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Muslim World: Problems and Solutions

In a speech read out on his behalf, ISESCO Director General underlined that the Muslim world is beset
with numerous problems. Almost half of the Muslim world population (35%) are illiterate, and more than
one third (35%) are jobless and therefore unproductive.

And one stark result of illiteracy and unemployment, in addition to the glaring political and economic
failings, is that a near two-third of Muslims (60%) are poor, in a rich Muslim world. Worst even, he
added, Muslims import most of their food from the west as they cultivate only 11.4% of arable lands.
The Muslim world is confronted with serious other problems, not the least of which are mounting
sectarian strife and fanaticism, poor cultural awareness, display of indecent forms of entertainment by
visual and other media, not to mention the regional powers incessantly meddling into the internal affairs
of neighbor countries and fueling chaos and instability.
It is clear, upon close examination of the countless problems facing the Muslim world at this very critical
point of time in our history, that comprehensive reform is urgent. Reformation should start with fighting
political, administrative and financial malfeasance, which are the root causes for rampant social decay
and moral depravity and the main contributory factor to political and social disorder.
A careful look at the Muslim world conditions, past and present, reveals that political, administrative
and financial corruption, along with social and moral disintegration, arise when people wander from the
way of Allah. Islam upholds the values of good governance based on mutual consultation (Shura) among
decision-makers, transparency and accountability.

These noble values are grounded in the fundamental principle of respect for human dignity and human
rights. The obstacles to integrated progress and unity in todays Muslim world are numerous and varied,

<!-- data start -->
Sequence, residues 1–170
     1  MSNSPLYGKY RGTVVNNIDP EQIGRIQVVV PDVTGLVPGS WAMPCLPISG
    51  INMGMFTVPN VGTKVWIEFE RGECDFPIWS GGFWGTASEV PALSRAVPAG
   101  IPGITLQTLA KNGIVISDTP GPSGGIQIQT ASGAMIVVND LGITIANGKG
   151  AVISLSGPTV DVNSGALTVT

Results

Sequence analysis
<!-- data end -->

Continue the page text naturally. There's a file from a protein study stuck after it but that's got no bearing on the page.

but mainly political, administrative, economic, social, educational and cultural.

The following considerations hold notions to the opportunity to improve the living conditions of Muslim
peoples :

A first step to this, would be promoting peace and cooperation, asserting the inalienable sovereignty of
the law, preserving human rights and fundamental freedoms, and fostering good governance, Shura and
Secondly, Focusing on these principles is an important shift in approaching the Muslim world problems,
which have ballooned into serious crisis threatening to undermine the political stability and integrity of
Muslim countries.

One more thing that enemies are seeking to foment division and strife among Muslims, and that any
further procrastination to bring about complete reform will be playing into the hands of these hostile
parties wanting to keep Muslims in bondage from forging ahead.
Furthur more, governments and peoples must join up for reform, stepping up the values of good
governance, mutual consultation, accountability and respect for human rights and public liberties. For
building peace, stability and harmony for Muslims requires that these principles and values be observed.
And history teaches us that reform comes with the effort to bring peace and stability and promote good
governance, within a legal, constitutional, political, economic and social structure for greater mutual
consultation, participation in decision making and accountability.
Another key approach to solving the problems facing the Muslim world, is to renew the education system,
extend boundaries for scientific and technological progress, stimulate innovation, attend to the youth and
increase their understanding of their rights and civic obligations, promote womens rights for them to best
serve the interests of their societies, preserve the diversity in Islamic jurisprudence, and combat
extremism, fanaticism, sectarianism and all other aberrations tearing Muslims apart.

Conclusion :
Problems involving political, economic, social and other aspects cannot be solved unless complete
reform is undertaken towards full partnership between the rulers and the ruled, based on mutual respect,
cooperation in righteousness and piety and sincere advice in ways that would benefit Muslim individuals,
their community, nation, and the Muslim Ummah.